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Visual Arias from

Sleepers Awake

by Kenneth Patchen

Sleepers Awake could be considered Kenneth Patchen's most important novel. As always, he fully explores his ability to express rage, humor, and compassion, his profound pacifist commitments, and his Anarchist base. In this instance, the novel's fantasies, praises, curses, prophesies, and aspirations unfold in great variety and splendor, without losing their sharp edge or focus. I think of the visual poetry in this book as visual arias, passages where the narrative breaks into a sort of visual song. In addition, this is one of the instances where he used the limitations of the branch of visual poetry that gets called concrete more fully than virtually all of its anthologized proponents -- but in 1945, a decade in advance of the movement. Several types of visual aria appear in the book: the most frequent come in boxes in a type face that looks something like gill sans. These square arias work their way at intervals through the text. The more extended arias run continuously, and it's sometimes difficult to tell exactly where they begin. The one presented here has a definite beginning and conclusion.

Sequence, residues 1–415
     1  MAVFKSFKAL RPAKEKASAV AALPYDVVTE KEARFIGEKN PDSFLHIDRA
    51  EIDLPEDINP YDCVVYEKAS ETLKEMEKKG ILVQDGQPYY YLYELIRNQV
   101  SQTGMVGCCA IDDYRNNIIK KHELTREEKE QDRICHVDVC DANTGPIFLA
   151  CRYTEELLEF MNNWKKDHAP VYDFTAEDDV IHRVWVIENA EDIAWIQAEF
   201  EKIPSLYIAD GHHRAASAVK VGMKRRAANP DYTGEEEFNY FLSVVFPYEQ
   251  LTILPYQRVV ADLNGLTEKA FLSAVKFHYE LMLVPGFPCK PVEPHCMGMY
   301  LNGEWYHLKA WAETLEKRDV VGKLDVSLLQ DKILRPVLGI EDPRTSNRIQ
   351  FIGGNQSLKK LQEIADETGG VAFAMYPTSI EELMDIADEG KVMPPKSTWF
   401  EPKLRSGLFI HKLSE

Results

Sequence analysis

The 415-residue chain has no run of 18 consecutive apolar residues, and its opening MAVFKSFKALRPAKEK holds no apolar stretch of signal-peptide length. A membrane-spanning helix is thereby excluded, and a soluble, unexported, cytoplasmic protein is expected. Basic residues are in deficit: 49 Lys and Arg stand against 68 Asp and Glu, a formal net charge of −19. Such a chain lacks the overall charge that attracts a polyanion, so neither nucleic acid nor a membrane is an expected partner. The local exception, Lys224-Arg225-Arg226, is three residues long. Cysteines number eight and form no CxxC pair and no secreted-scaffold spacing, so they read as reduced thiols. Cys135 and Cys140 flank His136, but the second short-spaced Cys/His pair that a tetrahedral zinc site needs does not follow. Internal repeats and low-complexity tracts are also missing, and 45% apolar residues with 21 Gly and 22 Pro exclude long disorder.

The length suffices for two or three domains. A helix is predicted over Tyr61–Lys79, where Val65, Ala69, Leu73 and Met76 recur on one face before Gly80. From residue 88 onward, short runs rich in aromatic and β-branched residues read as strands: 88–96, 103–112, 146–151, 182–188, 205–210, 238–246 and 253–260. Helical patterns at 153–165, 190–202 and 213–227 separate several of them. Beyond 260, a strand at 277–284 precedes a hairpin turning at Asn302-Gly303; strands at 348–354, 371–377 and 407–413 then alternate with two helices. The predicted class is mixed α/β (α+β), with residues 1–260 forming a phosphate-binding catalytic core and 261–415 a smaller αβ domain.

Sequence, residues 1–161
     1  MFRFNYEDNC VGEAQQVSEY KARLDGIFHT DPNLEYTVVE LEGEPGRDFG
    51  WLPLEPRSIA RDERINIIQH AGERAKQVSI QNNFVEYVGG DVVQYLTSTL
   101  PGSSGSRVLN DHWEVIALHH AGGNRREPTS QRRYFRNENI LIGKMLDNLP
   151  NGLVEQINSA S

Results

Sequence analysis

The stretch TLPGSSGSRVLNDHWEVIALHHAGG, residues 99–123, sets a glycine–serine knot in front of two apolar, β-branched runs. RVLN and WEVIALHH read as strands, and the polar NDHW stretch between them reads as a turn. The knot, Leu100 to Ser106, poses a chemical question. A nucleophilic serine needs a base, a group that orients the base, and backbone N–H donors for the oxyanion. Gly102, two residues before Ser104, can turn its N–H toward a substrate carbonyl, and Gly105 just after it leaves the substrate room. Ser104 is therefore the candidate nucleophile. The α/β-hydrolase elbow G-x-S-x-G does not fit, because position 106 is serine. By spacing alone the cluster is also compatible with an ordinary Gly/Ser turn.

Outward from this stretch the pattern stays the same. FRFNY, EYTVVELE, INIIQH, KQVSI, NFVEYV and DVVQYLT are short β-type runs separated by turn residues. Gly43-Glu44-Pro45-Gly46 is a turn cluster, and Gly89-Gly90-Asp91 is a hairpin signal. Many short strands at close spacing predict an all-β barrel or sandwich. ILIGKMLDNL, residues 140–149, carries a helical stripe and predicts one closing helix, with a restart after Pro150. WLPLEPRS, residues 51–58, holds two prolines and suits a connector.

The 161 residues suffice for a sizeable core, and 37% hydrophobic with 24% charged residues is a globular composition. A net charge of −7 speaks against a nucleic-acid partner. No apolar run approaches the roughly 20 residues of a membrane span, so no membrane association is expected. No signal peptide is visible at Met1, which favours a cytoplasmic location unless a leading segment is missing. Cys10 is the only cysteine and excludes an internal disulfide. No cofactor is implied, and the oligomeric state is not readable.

--Karl Young

Go to a box aria.

Go to an extended aria.

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